Economist Says Internet Use Is Limited

(July 9, 1999) Bruce Owen, President of Economists Incorporated, told an audience at the American Enterprise Institute on July 8 that home Internet use is not growing very fast, and that the government should stay out of subsidizing access to the Internet. He delivered a lecture on his new book, The Internet Challenge to Television.

The Internet Challenge to Television, 1999, Harvard University Press, 372 pages, with glossary and index.

See,'s page for ordering The Internet Challenge to Television.

Bruce Owen decried what he called statistical "hype" coming from those with a financial interest in the success of the Internet. "The fact is that very few people surf the net," Owen wrote in his book. "Doing so requires time, money, technical skill, and interests that the average consumer lacks."

Owen also pointed out in his talk that the percentage of American homes with a PC is not growing, and that surveys show that the average amount of time spent online is not growing.

Owen also criticized efforts by government regulators and elected officials to regulate and  subsidize access to communications media. He also predicted that the government would eventually extend universal service to include Internet access. He wrote that the "Telecommunications Act of 1996 contains provisions requiring the FCC to impose a tax on users of telephone and other communications services in order to fund subsidies that will ensure the availability of "universal service." It can only be a matter of time before the definition of universal service includes Internet access."

Related Story: Government Report Says Internet Use is Soaring, 7/9/99.

Owen's lecture contrasted sharply with a report released the same day by the Clinton administration. The report is titled Falling Through the Net: Defining the Digital Divide.

It states that Internet use is soaring, but that the poor and racial minorities are in danger of being left behind, so the government should facilitate Internet access.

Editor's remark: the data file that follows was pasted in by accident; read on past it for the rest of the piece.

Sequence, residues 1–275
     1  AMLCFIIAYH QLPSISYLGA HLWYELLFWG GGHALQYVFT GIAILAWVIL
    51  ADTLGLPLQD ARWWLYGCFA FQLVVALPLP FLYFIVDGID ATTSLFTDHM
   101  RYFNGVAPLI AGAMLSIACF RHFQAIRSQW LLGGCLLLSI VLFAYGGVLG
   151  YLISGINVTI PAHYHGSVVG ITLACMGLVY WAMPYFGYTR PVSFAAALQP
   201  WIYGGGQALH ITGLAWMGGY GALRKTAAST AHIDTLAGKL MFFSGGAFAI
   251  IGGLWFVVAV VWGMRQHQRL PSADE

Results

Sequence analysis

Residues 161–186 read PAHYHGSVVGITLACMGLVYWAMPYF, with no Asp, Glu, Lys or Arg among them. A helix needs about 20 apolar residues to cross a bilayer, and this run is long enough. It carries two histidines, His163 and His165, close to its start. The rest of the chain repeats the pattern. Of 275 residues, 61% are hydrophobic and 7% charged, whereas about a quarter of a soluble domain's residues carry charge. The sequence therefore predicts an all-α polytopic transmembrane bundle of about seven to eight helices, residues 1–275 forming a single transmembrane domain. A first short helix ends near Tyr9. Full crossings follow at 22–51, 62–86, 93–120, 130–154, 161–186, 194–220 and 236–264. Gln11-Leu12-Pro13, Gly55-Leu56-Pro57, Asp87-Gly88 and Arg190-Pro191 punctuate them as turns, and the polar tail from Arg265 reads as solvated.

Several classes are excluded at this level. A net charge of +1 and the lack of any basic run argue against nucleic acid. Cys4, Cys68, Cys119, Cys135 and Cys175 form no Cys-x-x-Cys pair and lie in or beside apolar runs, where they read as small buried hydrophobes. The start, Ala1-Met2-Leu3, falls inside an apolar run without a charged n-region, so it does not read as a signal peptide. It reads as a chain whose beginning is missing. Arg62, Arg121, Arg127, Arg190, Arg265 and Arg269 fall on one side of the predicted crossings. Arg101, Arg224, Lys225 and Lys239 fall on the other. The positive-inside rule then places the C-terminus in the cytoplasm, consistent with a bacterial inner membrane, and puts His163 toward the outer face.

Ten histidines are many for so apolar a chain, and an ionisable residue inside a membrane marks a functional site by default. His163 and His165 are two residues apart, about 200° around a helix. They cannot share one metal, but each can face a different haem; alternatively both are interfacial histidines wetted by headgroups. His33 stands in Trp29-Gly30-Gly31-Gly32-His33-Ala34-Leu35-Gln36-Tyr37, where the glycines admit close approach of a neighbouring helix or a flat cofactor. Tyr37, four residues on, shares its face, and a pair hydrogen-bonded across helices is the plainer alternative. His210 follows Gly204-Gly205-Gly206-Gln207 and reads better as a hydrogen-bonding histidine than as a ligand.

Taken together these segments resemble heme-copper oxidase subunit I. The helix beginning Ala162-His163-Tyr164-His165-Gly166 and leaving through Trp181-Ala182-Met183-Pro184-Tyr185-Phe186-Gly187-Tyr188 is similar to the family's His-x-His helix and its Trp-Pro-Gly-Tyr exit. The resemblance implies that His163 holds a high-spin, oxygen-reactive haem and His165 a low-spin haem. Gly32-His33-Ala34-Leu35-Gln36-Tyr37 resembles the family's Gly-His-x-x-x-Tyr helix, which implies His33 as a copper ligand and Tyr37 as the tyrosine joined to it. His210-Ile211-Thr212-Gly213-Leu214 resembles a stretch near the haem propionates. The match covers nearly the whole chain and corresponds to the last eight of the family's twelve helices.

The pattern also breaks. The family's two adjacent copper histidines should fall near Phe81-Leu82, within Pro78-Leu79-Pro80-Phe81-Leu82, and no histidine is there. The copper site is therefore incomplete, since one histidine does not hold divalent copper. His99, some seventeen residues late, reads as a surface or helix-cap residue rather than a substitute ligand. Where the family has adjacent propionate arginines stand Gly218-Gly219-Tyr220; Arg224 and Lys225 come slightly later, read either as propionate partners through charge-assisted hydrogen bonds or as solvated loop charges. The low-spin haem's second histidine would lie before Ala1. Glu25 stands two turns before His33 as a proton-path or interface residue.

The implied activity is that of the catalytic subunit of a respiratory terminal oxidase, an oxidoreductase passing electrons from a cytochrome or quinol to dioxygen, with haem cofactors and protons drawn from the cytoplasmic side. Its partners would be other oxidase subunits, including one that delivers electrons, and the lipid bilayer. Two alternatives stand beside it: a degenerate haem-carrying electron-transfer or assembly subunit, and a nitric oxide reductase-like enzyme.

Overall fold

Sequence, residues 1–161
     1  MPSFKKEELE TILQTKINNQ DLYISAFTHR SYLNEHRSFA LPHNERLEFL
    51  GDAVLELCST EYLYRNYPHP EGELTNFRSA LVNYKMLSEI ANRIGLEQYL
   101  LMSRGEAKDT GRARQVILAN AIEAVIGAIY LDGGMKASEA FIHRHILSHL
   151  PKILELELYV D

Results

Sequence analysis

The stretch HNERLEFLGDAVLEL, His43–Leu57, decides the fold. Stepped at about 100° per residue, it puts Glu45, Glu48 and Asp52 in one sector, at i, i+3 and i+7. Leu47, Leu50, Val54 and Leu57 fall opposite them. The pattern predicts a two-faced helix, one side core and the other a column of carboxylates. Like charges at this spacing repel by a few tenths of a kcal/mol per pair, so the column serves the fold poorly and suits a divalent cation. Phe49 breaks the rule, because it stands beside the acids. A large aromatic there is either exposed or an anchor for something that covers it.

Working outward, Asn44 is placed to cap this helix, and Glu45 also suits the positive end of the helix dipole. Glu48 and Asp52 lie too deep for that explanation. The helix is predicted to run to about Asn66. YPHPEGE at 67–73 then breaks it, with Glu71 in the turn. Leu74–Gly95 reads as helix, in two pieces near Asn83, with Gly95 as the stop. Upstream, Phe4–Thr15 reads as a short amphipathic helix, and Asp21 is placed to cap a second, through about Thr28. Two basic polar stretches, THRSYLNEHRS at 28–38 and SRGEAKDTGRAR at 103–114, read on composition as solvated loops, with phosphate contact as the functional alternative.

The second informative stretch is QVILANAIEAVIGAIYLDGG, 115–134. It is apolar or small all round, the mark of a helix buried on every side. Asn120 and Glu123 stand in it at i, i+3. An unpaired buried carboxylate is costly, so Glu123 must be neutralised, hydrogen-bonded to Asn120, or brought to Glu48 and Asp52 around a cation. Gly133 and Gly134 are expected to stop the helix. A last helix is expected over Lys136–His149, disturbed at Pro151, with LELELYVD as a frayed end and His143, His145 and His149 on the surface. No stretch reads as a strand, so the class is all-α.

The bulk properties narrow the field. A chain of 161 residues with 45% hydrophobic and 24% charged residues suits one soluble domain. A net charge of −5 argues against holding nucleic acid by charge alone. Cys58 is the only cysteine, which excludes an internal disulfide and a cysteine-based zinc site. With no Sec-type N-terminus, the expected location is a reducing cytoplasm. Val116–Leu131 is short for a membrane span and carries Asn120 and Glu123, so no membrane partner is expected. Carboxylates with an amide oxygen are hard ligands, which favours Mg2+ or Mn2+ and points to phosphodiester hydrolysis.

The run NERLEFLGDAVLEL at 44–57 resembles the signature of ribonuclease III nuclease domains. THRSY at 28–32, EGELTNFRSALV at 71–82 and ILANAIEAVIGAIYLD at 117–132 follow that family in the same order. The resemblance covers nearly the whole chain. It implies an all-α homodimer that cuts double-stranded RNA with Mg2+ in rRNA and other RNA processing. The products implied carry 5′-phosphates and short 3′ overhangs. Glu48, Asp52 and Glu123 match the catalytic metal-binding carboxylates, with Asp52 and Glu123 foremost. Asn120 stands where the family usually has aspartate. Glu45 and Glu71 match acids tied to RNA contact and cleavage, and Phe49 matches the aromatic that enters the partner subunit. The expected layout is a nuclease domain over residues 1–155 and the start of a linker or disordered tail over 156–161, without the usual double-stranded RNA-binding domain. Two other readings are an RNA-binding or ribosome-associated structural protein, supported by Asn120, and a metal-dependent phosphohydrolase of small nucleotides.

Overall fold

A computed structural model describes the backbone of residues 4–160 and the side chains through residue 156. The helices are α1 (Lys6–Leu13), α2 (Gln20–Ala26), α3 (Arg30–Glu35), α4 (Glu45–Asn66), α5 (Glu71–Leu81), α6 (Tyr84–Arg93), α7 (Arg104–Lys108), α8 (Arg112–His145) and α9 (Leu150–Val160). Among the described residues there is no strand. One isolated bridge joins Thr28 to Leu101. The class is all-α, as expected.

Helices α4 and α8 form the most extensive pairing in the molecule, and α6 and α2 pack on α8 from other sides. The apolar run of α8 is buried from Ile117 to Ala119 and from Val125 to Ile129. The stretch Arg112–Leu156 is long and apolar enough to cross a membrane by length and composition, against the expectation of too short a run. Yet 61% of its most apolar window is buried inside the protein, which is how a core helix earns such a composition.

Bruce Owen

Bruce Owen spoke at the American Enterprise Institute for Public Policy Research on Thursday morning, July 8. The audience was comprised mostly of AEI scholars, interns, and members. FCC Commissioner Harold Furchtgott-Roth, who was once an economist at Economists Incorporated, also attended.

During the question and answer segment of the program Owens received support for his criticism of FCC regulatory policies. However, he was challenged on his basic thesis regarding the limited success of the Internet. One person commented that he focused too much on home PC ownership and Internet access data, and not enough capital markets. "The real data is in the capital markets," said one member of the audience. "The resources are moving out there because something is happening."

Another person stated that it is important to look at Internet access at work, not just at home. Another commented that Owen had examined the Internet's inability to displace television with entertainment content, but had not focused on the Internet as an electronic commerce medium.

The AEI is a large Washington DC based think tank dedicated to preserving and strengthening the foundations of freedom, particularly free enterprise.

Bruce Owen's book deals extensively with the history, technology, economics and regulation of the various communications media. The excerpts from the book below relate mostly to statements about government regulation of the Internet.

Excerpts from The Internet Challenge to Television

"One might think, from all the hype, and from seeing Internet addresses on the sides of every other plumbing truck and car wash, that most Americans are daily surfers of the net. The fact is that very few people surf the net. Doing so requires time, money, technical skill, and interests that the average consumer lacks. Users of the Internet, especially for services beyond e-mail, constitute a tiny fraction of the population. ..."

"Even today only a small minority of consumer households have access to the Internet. But a constellation of commercial interests hopes to profit from Internet development. As a result, what people know about the Internet is mostly from hype rather than from experience. Both the commercial part of the Internet and the volunteer sector have obvious network externalities that encourage them to engage in Internet hype. Suppliers of Internet-related hardware and software have even better reasons for hype, as do academics and other experts."